The patient's status in the ICU
Her physical parameters at admission to ICU were: body weight 60 kg; temperature 36.6°C, pulse rate 69 beats/min; respiratory rate 24 breaths/min; and blood pressure 90/58 mmHg maintained by intravenous administration of dopamine hydrochloride (15 µg/kg/min). On physical examination, she was drowsy and poorly cooperating. There were no signs of jaundice; scattered punctate red skin rashes were observed over the whole body, but there was no bleeding or petechiae. The pupils were bilaterally equal and round, with a dull light reflex. The mouth and lips were cyanotic. Chest auscultation showed bilateral coarse respiratory sounds with scattered wet rales without croup. The heart sounds were weak and rhythmic with no pathological cardiac murmur or pericardial friction sound.
After admission to ICU, the relevant tests were completed, including ECG (Figs. 1, 2 and 3). Her serum primary cTnI was 0.12 ng/mL, the secondary was 0.16 ng/mL, and the tertiary was 2.02 ng/mL; mixed allergen panel indicated total immunoglobulin E (IgE)+, household dust mite ++, and beef + (Table 1). Lung computed tomography (CT) performed on April 28, 2022 showed signs of interstitial pulmonary edema (Fig. 4), which was significantly resolved on May 13, 2022 (Fig. 4). Bedside cardiac ultrasound performed on April 28, 2022 showed left atrium 35 mm, left ventricle 55 mm, low left heart systolic function [left ventricular ejection fraction (LVEF) 29.1%; fractional shortening (FS) 13.6%, mild mitral and tricuspid regurgitation] (Fig. 5). On May 16, 2022, she showed normal heart size and structure, as well as normal cardiac function (LVEF, 70%; FS, 39%). Of note, immediate percutaneous coronary intervention (PCI) was not performed because her family refused, owing to the allergic constitution of the patient and the high risk of an allergic reaction to the contrast agent.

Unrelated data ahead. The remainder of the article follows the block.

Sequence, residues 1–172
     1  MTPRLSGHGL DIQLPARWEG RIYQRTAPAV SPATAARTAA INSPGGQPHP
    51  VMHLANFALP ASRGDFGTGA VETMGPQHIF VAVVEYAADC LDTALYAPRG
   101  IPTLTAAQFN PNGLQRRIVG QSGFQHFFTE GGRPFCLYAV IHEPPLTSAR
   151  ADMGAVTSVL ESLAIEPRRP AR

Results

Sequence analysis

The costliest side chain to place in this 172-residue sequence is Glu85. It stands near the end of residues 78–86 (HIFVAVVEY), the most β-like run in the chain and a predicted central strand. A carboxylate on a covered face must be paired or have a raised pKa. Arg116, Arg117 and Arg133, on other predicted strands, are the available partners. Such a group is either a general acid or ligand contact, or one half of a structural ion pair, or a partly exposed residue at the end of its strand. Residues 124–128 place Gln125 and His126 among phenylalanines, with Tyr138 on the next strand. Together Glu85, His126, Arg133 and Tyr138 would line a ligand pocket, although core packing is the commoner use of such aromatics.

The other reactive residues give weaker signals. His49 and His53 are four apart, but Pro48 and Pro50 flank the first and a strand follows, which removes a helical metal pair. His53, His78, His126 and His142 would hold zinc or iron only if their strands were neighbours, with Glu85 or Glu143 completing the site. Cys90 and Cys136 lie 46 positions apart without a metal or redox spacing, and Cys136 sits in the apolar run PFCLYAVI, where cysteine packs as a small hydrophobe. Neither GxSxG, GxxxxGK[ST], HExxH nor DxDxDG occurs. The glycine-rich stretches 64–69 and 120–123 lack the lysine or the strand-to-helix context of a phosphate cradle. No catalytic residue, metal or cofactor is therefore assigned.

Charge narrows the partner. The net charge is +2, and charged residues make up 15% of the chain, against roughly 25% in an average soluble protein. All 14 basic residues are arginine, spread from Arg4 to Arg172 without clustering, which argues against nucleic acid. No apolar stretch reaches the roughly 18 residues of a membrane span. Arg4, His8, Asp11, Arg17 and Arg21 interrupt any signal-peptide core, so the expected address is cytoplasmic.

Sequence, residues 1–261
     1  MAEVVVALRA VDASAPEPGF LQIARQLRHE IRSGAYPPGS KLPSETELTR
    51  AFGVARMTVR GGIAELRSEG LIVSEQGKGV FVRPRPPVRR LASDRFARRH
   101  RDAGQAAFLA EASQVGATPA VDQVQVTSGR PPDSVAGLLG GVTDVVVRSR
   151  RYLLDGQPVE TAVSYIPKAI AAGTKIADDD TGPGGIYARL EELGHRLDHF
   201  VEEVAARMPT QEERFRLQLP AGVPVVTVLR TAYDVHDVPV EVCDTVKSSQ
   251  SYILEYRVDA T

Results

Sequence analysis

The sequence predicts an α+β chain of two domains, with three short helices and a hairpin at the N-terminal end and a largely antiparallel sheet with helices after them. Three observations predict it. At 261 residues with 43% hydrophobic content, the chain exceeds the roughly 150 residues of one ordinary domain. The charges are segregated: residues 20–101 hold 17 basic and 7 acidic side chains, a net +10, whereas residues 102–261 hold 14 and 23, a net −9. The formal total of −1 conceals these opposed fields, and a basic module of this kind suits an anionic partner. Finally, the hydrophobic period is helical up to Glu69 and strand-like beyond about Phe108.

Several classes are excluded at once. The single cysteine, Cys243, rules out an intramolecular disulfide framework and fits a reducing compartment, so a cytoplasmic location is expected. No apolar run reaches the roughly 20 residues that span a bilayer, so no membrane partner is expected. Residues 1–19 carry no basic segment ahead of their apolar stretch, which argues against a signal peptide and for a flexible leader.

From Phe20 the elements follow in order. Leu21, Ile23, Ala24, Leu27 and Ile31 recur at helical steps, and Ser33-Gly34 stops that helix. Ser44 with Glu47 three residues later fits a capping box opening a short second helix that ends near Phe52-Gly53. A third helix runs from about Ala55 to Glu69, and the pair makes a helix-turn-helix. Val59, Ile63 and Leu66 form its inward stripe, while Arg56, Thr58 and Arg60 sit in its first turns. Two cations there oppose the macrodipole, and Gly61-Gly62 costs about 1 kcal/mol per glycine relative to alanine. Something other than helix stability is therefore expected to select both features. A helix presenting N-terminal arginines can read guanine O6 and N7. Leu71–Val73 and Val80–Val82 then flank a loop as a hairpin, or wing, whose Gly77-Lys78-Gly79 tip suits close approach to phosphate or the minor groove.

The treatment mainly included anti-allergic, anti-shock, and management of acute myocardial ischemia, including methylprednisolone, aspirin, clopidogrel, atorvastatin, low molecular weight heparin calcium subcutaneous injection, pantoprazole, nitroglycerin infusion, and maintenance of water-electrolyte acid-base balance. The patients’s symptoms resolved with the above-mentioned therapies, and the results of repeated bedside cardiac ultrasound, lung CT, myocardial enzyme spectrum, cTnI, and ECG findings were all normal. Elective coronary angiography performed on May 10, 2022 revealed normal coronary arteries (Fig. 6). There were no adverse reactions or accidents during hospitalization.
The patient was diagnosed with Type I Kounis syndrome. After vaccination, the patient developed an allergic reaction along with dyspnea and typical angina pectoris lasting up to 30 minutes. Myocardial enzyme profile and troponin levels were significantly increased, and the dynamic evolution of the electrocardiogram and cardiac ultrasound findings supported the diagnosis of acute myocardial infarction. Allergen profiling indicated an allergic constitution. The clinical picture was suggestive of a type II acute myocardial infarction due to allergy-induced spasm of the coronary arteries. The patients condition significantly improved after active treatment with anti-allergic, anti-coronary spasm, and anti-platelet therapy). The clinical picture was consistent with the diagnosis of type I Kounis syndrome.